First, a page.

Telemark skiing injuries: A three-year study

Carol S. Federiuk, Andrew D. Zechnich, George A. Vargyas

Research output: Contribution to journalArticlepeer-review

13 Scopus citations


Telemark skiing is an increasingly popular wilderness activity. Little is known, however, about the injuries incurred during modem telemark skiing. To determine the incidence and types of these injuries we carried out a prospective analysis of injured telemarkers over three ski seasons from November 1994 through May 1997 at the Mount Hood Meadows ski area medical clinic in Oregon. Injured telemark skiers presenting to the clinic were asked to fill out a one-page survey, and a diagnosis was provided by the clinic physician or nurse. During the 1995-1996 and 1996-1997 ski seasons, skiers were counted at the ski lifts to determine the proportion of telemark skiers, alpine skiers, and snowboarders using the lifts. Using these proportions and the total ticket sales for the year, the number of downhill skiers, snowboarders, and telemarkers over the season were estimated, and injury rates were calculated. During the three ski seasons, 33 injuries were identified in 28 injured telemarkers. Of the study participants, 75% (21) were male. The average age was 33.1 years. Self-described intermediate and advanced telemarkers accounted for 74% of the injured. In 96% of the injuries, the skier was performing a telemark turn. Powder snow or heavy, wet snow conditions were reported most often. Lower-extremity injuries were most common, accounting for 42.5% (14) of the total. Seven of the lower-extremity injuries were ankle injuries, and four were knee injuries. Upper-extremity injuries comprised 24.2% (8) and head and facial injuries 21.2% (7) of the total. The least number of injuries occurred in the spine, 12.1% (4). Release plates were used by 8 of 28 skiers and only released in two instances. Telemark skiers comprised 0.9% of skiers counted at the lifts during the 1995-1996 season and 1.8% in 1996-1997. Injury rates/1000 skier days in 1995- 1996 were 3.3 (95% CI: 3.27, 3.35) for downhill skiers, 4.1 (95% CI: 3.32, 5.22) for telemark skiers, and 6.8 (95% CI: 6.54, 7.00) for snowboarders. Injury rates/1000 skier days in 1996-1997 were 3.1 (95% CI: 3.05, 3.15) for downhill skiers, 1.7 (95% CI: 1.44, 2.11) for telemark skiers, and 5.6 (95% CI: 5.39, 5.78) for snowboarders. We conclude that telemark skiers comprise only a small proportion of skiers at a lift-served area. Lower-extremity injuries were most common, followed by upper-extremity and head and facial injuries. Injury rates for telemarkers are comparable to those for alpine skiers.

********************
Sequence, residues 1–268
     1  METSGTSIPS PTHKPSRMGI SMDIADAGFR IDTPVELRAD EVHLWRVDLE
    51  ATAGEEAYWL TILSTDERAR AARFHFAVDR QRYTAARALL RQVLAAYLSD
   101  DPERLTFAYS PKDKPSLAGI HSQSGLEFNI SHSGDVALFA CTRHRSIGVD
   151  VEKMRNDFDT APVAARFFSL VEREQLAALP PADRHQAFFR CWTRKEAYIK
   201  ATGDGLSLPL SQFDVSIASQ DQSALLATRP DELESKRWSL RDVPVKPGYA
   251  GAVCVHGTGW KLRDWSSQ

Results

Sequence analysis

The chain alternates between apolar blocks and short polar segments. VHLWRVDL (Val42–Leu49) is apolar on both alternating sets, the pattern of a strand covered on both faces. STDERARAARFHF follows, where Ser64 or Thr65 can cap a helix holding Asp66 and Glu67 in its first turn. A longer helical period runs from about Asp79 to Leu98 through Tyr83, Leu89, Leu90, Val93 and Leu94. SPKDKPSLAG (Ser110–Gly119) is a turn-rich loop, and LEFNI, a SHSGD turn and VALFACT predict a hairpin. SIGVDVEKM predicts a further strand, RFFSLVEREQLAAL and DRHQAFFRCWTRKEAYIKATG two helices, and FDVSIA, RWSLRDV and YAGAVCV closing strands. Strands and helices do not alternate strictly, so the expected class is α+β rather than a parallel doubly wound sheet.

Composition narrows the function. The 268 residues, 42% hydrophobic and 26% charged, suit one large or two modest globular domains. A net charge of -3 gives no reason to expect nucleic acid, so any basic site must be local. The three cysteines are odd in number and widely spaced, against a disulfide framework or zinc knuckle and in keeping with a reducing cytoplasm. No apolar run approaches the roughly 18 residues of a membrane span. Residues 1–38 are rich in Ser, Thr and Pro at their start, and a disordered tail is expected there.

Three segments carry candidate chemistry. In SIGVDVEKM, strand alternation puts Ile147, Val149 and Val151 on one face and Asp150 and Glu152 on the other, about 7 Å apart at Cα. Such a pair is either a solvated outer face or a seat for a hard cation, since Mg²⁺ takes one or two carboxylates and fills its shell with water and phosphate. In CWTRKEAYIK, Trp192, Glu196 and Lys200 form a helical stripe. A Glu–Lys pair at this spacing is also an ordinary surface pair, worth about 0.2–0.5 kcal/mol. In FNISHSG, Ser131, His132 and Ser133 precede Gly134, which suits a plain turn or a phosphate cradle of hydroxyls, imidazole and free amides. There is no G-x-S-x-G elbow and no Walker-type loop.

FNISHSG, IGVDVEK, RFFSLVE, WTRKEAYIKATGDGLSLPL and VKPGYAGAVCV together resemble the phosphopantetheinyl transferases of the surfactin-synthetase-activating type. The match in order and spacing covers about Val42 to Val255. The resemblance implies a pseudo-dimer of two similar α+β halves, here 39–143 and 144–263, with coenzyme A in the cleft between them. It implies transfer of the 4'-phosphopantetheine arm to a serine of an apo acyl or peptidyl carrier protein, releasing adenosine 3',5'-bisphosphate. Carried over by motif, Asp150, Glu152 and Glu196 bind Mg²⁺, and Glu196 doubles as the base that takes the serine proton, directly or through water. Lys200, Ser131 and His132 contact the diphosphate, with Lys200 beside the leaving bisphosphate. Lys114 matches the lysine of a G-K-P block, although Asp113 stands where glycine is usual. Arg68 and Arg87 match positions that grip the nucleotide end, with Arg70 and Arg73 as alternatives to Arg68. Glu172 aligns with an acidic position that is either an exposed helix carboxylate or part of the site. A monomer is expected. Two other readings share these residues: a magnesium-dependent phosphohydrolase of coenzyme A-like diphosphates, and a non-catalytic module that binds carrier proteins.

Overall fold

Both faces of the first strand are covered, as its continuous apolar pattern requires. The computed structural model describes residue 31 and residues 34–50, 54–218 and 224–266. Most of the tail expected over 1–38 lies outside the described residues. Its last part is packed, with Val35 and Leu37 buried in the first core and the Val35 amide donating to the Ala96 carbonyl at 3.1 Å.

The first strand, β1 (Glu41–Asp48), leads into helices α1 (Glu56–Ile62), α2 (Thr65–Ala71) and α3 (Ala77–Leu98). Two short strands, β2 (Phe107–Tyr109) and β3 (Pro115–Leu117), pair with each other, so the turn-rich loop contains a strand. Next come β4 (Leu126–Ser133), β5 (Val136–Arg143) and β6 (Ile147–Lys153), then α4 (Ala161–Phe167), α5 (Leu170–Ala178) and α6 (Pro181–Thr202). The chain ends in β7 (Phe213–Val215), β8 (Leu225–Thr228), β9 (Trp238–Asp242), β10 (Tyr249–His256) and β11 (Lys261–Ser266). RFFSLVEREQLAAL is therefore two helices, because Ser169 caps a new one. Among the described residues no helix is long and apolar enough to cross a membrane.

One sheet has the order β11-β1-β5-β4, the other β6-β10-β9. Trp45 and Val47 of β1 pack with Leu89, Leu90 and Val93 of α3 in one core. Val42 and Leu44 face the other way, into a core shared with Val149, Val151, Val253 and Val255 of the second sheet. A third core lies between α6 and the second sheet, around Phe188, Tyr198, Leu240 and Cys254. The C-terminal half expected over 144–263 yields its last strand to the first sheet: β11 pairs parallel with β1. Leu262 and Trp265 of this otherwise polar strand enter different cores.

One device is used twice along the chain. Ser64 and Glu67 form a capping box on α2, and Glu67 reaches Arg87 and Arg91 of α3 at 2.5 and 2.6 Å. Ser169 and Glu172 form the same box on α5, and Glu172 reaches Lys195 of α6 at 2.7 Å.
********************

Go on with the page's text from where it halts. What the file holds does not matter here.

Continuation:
Original languageEnglish (US)
Pages (from-to)204-210
Number of pages7
JournalWilderness and Environmental Medicine
Issue number4
StatePublished - 1997
Externally publishedYes


  • Injury rates
  • Skiing injuries
  • Telemark skiing

ASJC Scopus subject areas

  • Emergency Medicine
  • Public Health, Environmental and Occupational Health


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